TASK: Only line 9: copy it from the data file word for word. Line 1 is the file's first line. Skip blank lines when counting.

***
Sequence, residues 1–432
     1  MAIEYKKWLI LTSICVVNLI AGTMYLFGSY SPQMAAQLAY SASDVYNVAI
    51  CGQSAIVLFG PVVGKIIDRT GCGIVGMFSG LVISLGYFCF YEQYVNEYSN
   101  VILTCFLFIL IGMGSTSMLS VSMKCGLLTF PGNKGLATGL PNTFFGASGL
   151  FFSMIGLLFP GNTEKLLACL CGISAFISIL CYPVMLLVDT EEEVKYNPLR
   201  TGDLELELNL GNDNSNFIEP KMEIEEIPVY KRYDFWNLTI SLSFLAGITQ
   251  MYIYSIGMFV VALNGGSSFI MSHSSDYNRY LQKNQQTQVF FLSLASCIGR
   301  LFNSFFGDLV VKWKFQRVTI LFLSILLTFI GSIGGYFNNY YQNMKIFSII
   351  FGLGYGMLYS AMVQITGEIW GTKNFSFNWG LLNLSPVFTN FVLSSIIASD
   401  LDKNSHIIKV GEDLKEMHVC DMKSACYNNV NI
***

   351  FGLGYGMLYS AMVQITGEIW GTKNFSFNWG LLNLSPVFTN FVLSSIIASD